Toxalbumin

Toxalbumins are toxic plant proteins that disable ribosomes and thereby inhibit protein synthesis, producing severe cytotoxic effects in multiple organ systems. They are dimers held together by a disulfide bond and comprise a lectin (carbohydrate-binding protein) part which binds to the cell membrane and enables the toxin part to gain access to the cell contents. Toxalbumins are similar in structure to the toxins found in cholera, tetanus, diphtheria and botulinum; and their physiological and toxic properties are similar to those of viperine snake venom.Toxalbumins were first described in about 1890 by Ludwig Brieger (1849–1919) and Sigmund Fraenkel (1868–1939), associates of the organic chemist Eugen Baumann. Brieger first used the term toxin.Toxalbumins notably are present in the plant families Leguminosae and Euphorbiaceae, occurring for instance in Robinia pseudoacacia, Abrus precatorius, Jatropha curcas, Croton gratissimus and Ricinus communis. Typical toxalbumins are abrin and ricin. Ingestion of seed containing toxalbumins is not necessarily fatal as the hard seed coat will withstand digestion, unless the seed has been pierced, as would happen in the making of necklaces, prayer beads or bracelets, and even then the toxalbumin is likely to be digested and thereby rendered harmless. Toxalbumins injected intravenously or subcutaneously or inhaled in powdered form, though, are highly toxic. A latent period of hours to days may follow with no sensible signs of distress, after which symptoms of nausea, vomiting and diarrhoea will appear, followed by delirium, seizures, coma, and death. From an evolutionary viewpoint, toxalbumins developed as a deterrent to consumption of seeds, foliage, bark and roots. Ripe fruits having a fleshy pulp are usually tasty and edible and lacking toxalbumins, encourage ingestion and the consequent distribution of seeds that have a coat sufficiently durable to survive a passage through the digestive system of a herbivore or fructivore.Being soluble in water, ricin is not present in extracted oils. As with most proteins it breaks down after heat treatment, such as cooking or steaming, and after the oil is extracted, the resulting pomace is often used as animal feed. There is an enormous variation in sensitivity to the toxin, and a lethal dose may be as little as two-millionths of body weight. Since ricin is a protein, antibodies may be produced by inoculation, allowing resistance of up to 800 times a normal lethal dose. Ricin has been used in assassinations, a notorious case being the use of a 1.53 mm pellet holding a few hundred millionths of a gram of ricin to kill the Bulgarian broadcaster, Georgi Markov, who died 4 days after being attacked.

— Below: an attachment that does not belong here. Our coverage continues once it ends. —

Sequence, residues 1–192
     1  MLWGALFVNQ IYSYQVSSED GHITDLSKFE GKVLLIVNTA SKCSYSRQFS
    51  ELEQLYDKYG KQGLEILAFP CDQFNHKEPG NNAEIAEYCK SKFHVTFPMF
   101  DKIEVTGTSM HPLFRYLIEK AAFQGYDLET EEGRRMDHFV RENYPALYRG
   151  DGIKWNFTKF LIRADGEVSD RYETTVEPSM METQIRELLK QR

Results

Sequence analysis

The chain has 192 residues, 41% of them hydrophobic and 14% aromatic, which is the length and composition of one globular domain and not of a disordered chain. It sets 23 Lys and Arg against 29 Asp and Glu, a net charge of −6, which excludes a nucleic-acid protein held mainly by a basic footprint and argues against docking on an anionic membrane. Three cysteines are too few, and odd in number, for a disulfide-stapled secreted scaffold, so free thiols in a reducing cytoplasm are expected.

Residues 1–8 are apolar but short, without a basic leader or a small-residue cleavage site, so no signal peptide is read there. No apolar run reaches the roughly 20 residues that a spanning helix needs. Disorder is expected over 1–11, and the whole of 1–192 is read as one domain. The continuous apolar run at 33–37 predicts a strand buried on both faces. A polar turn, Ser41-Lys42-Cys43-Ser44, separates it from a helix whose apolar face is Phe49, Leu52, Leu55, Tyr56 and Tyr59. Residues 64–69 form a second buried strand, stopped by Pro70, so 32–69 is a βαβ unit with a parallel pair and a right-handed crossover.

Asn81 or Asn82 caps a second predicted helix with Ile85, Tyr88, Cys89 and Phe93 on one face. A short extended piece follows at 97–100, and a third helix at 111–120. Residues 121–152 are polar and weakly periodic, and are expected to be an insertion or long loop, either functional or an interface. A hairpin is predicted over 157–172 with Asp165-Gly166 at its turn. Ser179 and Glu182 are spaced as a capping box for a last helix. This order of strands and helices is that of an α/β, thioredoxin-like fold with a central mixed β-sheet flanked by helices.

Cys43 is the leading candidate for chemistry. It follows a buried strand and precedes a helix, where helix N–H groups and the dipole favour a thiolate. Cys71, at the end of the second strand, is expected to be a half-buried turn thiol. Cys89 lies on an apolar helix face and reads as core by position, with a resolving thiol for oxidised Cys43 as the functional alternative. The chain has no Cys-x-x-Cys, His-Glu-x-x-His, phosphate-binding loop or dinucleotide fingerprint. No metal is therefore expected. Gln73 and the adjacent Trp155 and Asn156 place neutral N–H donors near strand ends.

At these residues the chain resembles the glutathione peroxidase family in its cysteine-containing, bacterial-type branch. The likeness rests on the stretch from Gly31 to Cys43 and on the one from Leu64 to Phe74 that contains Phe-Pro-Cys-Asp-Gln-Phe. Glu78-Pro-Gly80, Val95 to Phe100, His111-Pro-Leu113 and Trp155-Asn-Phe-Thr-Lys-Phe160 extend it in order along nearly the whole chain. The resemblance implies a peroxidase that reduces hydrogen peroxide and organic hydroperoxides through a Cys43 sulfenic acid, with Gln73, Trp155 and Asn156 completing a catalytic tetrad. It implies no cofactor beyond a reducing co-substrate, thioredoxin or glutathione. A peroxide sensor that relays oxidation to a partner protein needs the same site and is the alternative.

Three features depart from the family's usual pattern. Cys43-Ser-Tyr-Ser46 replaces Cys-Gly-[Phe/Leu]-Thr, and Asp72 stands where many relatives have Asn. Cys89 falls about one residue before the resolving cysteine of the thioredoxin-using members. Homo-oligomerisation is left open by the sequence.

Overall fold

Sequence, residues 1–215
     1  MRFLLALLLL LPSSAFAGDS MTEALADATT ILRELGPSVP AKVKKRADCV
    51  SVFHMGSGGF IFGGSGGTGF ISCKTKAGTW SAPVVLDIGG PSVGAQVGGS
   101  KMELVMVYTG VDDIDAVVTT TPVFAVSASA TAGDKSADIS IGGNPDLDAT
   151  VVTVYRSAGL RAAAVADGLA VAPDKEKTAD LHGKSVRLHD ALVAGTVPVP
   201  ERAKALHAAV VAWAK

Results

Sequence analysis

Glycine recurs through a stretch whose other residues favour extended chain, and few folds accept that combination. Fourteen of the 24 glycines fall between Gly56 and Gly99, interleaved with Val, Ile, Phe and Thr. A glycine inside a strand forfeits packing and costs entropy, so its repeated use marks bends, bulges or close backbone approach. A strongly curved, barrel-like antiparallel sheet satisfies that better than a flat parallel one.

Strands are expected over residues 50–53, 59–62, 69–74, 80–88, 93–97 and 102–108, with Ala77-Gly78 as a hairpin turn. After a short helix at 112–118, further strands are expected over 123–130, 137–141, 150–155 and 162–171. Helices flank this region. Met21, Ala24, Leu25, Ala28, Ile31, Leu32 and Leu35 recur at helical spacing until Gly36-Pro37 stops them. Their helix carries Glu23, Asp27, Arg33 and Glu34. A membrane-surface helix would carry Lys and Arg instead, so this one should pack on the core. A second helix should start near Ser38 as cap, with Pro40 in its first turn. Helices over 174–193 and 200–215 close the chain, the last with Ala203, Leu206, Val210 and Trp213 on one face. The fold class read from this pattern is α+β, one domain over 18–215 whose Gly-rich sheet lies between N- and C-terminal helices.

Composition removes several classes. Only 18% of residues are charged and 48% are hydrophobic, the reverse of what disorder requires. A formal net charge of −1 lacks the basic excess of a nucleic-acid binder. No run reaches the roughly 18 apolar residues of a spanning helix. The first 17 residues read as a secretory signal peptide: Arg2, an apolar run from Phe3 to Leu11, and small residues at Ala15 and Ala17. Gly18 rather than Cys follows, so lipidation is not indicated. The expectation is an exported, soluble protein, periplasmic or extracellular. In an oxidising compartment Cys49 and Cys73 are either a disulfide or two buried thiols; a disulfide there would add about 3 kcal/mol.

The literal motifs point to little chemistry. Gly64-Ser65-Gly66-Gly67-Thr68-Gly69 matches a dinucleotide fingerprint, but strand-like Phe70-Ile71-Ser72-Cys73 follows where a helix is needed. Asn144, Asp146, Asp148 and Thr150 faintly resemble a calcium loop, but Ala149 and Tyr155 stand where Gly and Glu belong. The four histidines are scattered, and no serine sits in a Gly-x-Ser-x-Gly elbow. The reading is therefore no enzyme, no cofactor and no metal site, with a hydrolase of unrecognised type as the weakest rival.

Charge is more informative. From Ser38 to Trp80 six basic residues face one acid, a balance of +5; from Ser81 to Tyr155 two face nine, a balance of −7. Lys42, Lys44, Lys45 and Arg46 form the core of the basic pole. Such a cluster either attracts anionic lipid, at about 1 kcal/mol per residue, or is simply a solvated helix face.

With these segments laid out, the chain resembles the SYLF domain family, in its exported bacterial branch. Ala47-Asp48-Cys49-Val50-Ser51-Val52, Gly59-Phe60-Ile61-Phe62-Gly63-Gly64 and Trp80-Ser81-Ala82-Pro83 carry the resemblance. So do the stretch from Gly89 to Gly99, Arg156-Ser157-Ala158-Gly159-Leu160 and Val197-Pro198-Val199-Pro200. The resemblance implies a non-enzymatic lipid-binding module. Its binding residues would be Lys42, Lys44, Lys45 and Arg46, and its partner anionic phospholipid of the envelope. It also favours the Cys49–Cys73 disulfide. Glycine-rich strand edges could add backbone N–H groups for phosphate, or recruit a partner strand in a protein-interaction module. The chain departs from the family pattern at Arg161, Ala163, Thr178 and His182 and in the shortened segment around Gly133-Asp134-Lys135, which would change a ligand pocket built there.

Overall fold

Tritrophic interactions in plant defense

Tritrophic interactions as they relate to plant defense against herbivory describe the ecological impacts of three trophic levels on each other: the plant, the herbivore, and its natural enemies, predators of the herbivore. They may also be called multitrophic interactions when further trophic levels, such as soil microbes, or hyperparasitoids (higher-order predators), are considered. Tritrophic interactions join pollination and seed dispersal as vital biological functions which plants perform via cooperation with animals.Predators, pathogens, and parasitoids that attack plant-feeding insects, called natural enemies in a tritrophic context, can benefit plants by removing or hindering the feeding behavior of the harmful insect. It is thought that many plant traits have evolved in response to this mutualism to make themselves more attractive to natural enemies, and so the enlisting of natural enemies to protect against excessive herbivory is considered an indirect plant defense mechanism. Traits attractive to natural enemies can be physical, in the case of flower structure and color patterns, or chemical, in the case of induced plant volatile chemicals used by natural enemies to pinpoint a food source.